When utilizing text messaging to communicate scheduling changes and other items help to hold accountability because a manager can save the messages for recall later if needed.  This also opens the door of communication between staff and supervisors because of the informal nature of text messaging.  A generation of people spend more time communicating through a keyboard than in person or on the phone, if you don’t work to meet them in this medium you can lose out on great employees that want to learn, work and succeed.

Sometime dealing with Teens means revisiting the same issues multiple times.

Though we always want to hold people accountable when we are training up inexperienced young adults in the workplace often times we have to repeat ourselves and deal with their defensive nature.  This is why utilizing formal write ups for coaching come into place; if I they are done regularly and used for coaching (not just when you want to terminate someone) your staff will understand and learn from them.  Lack of communication, detail in direction and coaching are often issues we run into regularly when working with retail and service industry businesses.  When working with a younger, inexperienced work force feedback (good and bad) is needed.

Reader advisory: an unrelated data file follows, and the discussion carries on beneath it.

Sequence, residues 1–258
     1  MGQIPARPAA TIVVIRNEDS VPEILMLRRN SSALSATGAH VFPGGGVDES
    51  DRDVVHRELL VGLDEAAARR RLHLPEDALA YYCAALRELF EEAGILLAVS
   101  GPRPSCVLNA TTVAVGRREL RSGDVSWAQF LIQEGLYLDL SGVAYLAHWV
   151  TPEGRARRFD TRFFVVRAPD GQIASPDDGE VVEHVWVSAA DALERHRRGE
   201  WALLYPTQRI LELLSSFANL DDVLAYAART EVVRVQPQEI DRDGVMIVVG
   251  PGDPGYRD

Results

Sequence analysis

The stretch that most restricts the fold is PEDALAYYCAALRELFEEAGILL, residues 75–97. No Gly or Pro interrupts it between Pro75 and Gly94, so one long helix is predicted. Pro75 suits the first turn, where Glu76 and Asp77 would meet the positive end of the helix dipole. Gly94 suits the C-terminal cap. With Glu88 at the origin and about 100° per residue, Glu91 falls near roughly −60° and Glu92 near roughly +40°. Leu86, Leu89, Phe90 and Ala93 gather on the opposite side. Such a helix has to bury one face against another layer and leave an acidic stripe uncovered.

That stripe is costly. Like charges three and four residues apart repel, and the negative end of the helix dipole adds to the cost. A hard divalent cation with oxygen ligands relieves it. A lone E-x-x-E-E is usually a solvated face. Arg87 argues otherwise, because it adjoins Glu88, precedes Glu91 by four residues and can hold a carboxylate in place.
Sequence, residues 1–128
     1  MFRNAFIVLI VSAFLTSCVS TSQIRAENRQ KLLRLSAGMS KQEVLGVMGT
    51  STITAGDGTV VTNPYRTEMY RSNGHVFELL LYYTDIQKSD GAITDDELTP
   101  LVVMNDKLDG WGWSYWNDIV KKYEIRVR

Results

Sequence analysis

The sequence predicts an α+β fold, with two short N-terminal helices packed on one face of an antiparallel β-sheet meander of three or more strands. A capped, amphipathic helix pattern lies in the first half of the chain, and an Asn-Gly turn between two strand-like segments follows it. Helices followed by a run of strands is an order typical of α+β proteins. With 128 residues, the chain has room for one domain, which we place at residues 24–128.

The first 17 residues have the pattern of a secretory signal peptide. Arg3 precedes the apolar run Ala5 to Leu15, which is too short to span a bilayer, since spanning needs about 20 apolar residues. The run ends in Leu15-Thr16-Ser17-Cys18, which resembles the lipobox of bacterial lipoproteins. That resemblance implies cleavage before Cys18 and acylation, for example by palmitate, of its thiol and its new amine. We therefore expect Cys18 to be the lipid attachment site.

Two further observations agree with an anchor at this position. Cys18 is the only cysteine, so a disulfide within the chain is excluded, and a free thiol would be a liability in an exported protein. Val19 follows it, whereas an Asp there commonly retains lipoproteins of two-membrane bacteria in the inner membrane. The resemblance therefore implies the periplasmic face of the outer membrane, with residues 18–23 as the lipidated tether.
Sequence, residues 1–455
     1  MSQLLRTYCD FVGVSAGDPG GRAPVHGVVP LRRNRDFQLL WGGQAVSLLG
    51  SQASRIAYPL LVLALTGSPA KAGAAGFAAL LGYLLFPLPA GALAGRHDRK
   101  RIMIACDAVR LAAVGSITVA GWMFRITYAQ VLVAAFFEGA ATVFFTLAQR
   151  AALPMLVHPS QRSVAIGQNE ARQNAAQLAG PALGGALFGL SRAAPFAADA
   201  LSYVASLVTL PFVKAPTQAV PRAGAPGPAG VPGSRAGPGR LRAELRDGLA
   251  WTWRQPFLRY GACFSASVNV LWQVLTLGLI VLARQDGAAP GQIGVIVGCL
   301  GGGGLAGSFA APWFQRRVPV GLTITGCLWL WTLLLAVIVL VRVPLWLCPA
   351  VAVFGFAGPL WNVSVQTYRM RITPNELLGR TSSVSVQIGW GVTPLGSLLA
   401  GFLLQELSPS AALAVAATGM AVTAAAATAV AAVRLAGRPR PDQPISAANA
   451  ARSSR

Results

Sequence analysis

Though we were all teens, many of us misguided, ill-tempered or short-sighted we often forget (quickly) that it takes time and experience (aka failure) for many of us to learn properly. All we can hope as we grow older is that the mistakes we make are small enough and correctable as to not derail our future.

Remember what it is like to be a young adult, pair it with the issues of today’s youth that we may have not grown up with (depending on age) find a common ground and form an expectation of their success. Knowing someone will fail from the moment you hire them, make a poor decision and may be hard to work with gives you a starting point to grow them.  I often tell new hires of any job and industry you will make mistakes, you will fail and it will be your fault.  From those failures we ask you to learn, improve and not repeat them, that is what it’s about.  If there are no failures, no issues and no problems there is usually someone doing a great job hiding it (problems keep us all employed, if everything was perfect there would be no need for teachers, coaches, etc.).